Other flowering isles must be
No voice from some sublimer world hath ever
To sage or poet these responses given:
Therefore the names of Demon, Ghost, and Hed.
Or music by the night wind sent
Or moonlight on a midnight stream,
Love, hope, and self-esteem, like clouds, depart
And come, for some uncertain moments lent.
Man were immortal, and omnipotent,
Thou messenger of sympathies
That wax and wane in lover's eyes ;
Like darkness to a dying flame !
Depart not, less the grave should be,
While yet a boy I sought for ghosts, and sped
Poets could but find the same
And starlight wood, with fearful steps pursuing Would they ever change their hue
As the light camelions do,
[is fed : Twenty times a day?
Poets are on this cold earth,
As camelions might be
Hidden from their early birth
In a cave beneath the sea;
Where light is camelions change,
Where love is not poets do:
Fame is love disguised: if few
With beating heart and streaming eyes, even now That poets range.
Yet dare not stain with wealth or power
A poet's free and heavenly mind :
If bright camelions should devour
Any food but beams and wind,
They would grow as earthly soon
As their brother lizards are.
Children of a sunnier star,
Spirits from beyond the moon,
0, refuse the boon!
When noon is past: there is a harmony
ODE TO THE WEST WIND.
Thou, from whose unseen presence the leaves dead
Are driven, like ghosts from an enchanter fleeing,
Yellow, and black, and pale, and hectic red,
Pestilence-stricken multitudes: O thou,
Who chariotest to their dark wintry bed
The winged seeds, where they lie cold and low,
Each like a corpse within its grave, until
Thine azure sister of the spring shall blow
Her clarion o'er the dreaming earth, and fill
(Driving sweet buds like flocks to feed in air)
With living hues and odours, plain and hill:
Loose clouds like earth's decaying leaves are shed,
Shook from the tangled boughs of heaven and ocean,
Angels of rain and lightning: there are spread
On the blue surface of thine airy surge,
Like the bright hair uplifted from the head
Of some Serce mænad, even from the dim verge
Poets' food is love and fame:
Like withered leaves to quicken a new birth!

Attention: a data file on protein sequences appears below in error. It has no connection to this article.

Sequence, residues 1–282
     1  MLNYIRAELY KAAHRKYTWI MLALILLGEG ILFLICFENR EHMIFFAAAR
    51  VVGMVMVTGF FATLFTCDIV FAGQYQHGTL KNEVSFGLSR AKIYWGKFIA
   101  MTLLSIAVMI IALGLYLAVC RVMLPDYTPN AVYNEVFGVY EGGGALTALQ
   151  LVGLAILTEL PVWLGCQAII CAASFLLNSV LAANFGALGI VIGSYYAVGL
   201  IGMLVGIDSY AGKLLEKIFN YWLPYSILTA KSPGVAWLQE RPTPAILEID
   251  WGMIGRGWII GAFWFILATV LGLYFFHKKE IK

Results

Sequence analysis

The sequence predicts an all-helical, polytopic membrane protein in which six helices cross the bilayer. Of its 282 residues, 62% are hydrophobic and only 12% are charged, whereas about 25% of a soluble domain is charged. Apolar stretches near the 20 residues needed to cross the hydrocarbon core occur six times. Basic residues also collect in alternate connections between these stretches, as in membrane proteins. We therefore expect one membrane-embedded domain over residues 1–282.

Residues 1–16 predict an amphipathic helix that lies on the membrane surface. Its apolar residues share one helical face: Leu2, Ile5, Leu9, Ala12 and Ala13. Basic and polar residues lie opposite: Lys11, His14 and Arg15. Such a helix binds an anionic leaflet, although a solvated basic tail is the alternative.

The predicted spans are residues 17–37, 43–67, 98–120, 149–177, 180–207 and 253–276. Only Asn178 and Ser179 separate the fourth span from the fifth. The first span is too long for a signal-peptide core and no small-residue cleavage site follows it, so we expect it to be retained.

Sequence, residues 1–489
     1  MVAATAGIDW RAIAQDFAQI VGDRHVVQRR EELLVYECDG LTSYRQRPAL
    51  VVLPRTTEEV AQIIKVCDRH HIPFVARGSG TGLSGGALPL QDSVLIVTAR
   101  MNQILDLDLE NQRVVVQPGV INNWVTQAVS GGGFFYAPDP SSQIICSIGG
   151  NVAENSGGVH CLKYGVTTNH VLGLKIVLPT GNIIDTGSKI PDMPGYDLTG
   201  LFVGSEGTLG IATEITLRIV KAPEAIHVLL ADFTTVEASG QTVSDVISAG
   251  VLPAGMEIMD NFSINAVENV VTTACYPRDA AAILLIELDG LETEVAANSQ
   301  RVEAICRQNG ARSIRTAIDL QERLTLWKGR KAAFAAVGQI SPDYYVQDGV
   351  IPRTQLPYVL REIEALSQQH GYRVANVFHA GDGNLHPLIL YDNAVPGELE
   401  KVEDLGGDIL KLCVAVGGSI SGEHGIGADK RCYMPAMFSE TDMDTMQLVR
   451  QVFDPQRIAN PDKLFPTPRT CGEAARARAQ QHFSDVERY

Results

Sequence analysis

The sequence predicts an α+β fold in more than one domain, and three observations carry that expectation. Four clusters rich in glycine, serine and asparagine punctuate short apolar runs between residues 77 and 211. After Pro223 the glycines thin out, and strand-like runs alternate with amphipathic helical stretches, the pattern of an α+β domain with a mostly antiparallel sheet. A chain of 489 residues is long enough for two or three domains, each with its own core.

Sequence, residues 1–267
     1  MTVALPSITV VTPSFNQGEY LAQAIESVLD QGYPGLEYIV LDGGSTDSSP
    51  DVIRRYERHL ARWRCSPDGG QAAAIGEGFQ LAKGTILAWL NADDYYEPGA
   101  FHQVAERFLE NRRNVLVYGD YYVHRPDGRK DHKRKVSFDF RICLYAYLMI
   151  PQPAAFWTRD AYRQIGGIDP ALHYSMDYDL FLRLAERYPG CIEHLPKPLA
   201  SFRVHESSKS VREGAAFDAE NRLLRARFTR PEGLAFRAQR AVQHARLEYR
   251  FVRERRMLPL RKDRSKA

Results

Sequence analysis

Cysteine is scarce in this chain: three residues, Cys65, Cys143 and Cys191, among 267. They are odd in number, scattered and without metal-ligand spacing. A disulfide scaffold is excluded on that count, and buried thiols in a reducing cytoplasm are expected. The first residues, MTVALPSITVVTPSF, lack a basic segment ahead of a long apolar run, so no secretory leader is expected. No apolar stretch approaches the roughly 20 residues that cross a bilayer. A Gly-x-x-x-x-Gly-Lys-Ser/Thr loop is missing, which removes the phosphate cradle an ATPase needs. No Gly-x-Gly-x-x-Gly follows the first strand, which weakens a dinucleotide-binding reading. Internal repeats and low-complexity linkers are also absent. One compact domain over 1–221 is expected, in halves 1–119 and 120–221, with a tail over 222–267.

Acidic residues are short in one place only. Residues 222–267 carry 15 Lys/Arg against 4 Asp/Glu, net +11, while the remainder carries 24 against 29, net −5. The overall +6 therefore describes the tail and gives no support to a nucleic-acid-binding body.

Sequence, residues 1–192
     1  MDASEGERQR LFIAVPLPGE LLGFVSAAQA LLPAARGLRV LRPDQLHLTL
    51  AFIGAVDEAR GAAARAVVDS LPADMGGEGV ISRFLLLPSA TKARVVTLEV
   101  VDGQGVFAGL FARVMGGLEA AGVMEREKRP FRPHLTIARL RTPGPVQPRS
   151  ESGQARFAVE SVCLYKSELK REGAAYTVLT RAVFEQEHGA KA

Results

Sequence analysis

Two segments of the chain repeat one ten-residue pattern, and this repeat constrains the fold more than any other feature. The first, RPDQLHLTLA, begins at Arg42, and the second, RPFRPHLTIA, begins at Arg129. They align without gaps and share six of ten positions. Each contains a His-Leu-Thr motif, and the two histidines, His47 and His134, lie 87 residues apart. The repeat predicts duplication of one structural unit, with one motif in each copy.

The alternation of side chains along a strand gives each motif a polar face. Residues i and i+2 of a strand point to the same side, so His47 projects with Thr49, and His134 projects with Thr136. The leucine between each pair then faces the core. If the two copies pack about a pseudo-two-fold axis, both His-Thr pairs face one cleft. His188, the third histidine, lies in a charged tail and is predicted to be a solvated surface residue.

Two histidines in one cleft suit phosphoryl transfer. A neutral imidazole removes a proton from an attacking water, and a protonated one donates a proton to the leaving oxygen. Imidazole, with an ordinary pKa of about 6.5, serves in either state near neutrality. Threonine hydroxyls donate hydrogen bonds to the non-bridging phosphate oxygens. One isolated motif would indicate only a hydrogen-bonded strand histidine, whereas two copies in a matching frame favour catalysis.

Scatter, as from an unextinguished hearth,
Of vapours, from whose solid atmosphere
Higher still and higher Black rain, and fire, and hail will burst: 0, hear!
From the earth thou springest,
Like a cloud of fire;
The blue deep thou wingest,
In the golden lightning
Of the sunken sun, Beside a pumice isle in Baiæ’s bay,
O'er which clouds are brightning, And saw in sleep old palaces and towers
Thou dost float and run; Quivering within the wave's intenser day,
Like an unbodied joy, whose race is just begun. All overgrown with azure moss and flowers
The pale purple even So sweet, the sense faints picturing them! thou
Melts round thy flight; For whose path, the Atlantic's level powers
Like a star of heaven Cleave themselves into chasms, while far below
In the broad daylight The sea-blooms and the oozy woods which wear
Thou art unseen, but yet I hear thy shrill delight: The sapless foliage of the ocean, know
Keen as are the arrows Thy voice, and suddenly grow grey with fear,
Of that silver sphere,
Whose intense lamp narrows
In the white dawn clear,
All the earth and air
With thy voice is loud,
From one lonely cloud Blowed.
What thou art we know not;
What is most like thee?
Drops so bright to see,
If I were a dead leaf thou mightest bear;
Be thou, spirit fierce,
Like a poet hidden
In the light of thought,
Till the world is wrought
Like a high-born maiden
In a palace tower,
Like a glow-worm golden
In a dell of dew,
which screen it from
And, by the incantation of this verse,
spring be far behind?
Like a rose embowered
In its own green leaves,
Till the scent it gives
If winter comes, can
TO A SKYLARK.
Bird thou never wert,
Pourest thy full heart
Sound of vernal showers
On the twinkling grass,
All that ever was
Teach us sprite or bird,
Things more true and deep
Than we mortals dream,
Or how could thy notes flow in such a crystal stream? Praise of love or wine,
We look before and after, That panted forth a flood of rapture so divine.
And pine for what is not:
Our sincerest laughter
With some pain is fraught; (thought. Matched with thine would be all
Our sweetest songs are those that tell of saddest But an empty vaunt,
Yet if we could scorn A thing wherein we feel there is some hidden want.
Hate, and pride, and fear;
If we were things born
Not to shed a tear,
I know not how thy joy we ever should come near.
Better than all measures What love of thine own kind? what ignorance of
Of delightful sound,
Better than all treasures
That in books are found,
Thy skill to poet were, thou scorner of the ground !
Teach me half the gladness Thou lovest; but ne'er knew love's sad satiety.
That thy brain must know,
Such harmonious madness
From my lips would flow,
The world should listen then, as I am listening now.